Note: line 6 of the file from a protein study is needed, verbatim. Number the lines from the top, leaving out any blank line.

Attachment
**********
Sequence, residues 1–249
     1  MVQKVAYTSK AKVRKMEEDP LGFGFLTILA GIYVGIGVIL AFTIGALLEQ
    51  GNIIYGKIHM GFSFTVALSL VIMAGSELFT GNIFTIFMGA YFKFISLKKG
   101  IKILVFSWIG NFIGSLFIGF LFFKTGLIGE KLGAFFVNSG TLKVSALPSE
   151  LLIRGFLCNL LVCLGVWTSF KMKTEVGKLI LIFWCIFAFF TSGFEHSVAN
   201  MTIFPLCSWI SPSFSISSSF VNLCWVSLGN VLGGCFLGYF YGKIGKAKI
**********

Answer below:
   201  MTIFPLCSWI SPSFSISSSF VNLCWVSLGN VLGGCFLGYF YGKIGKAKI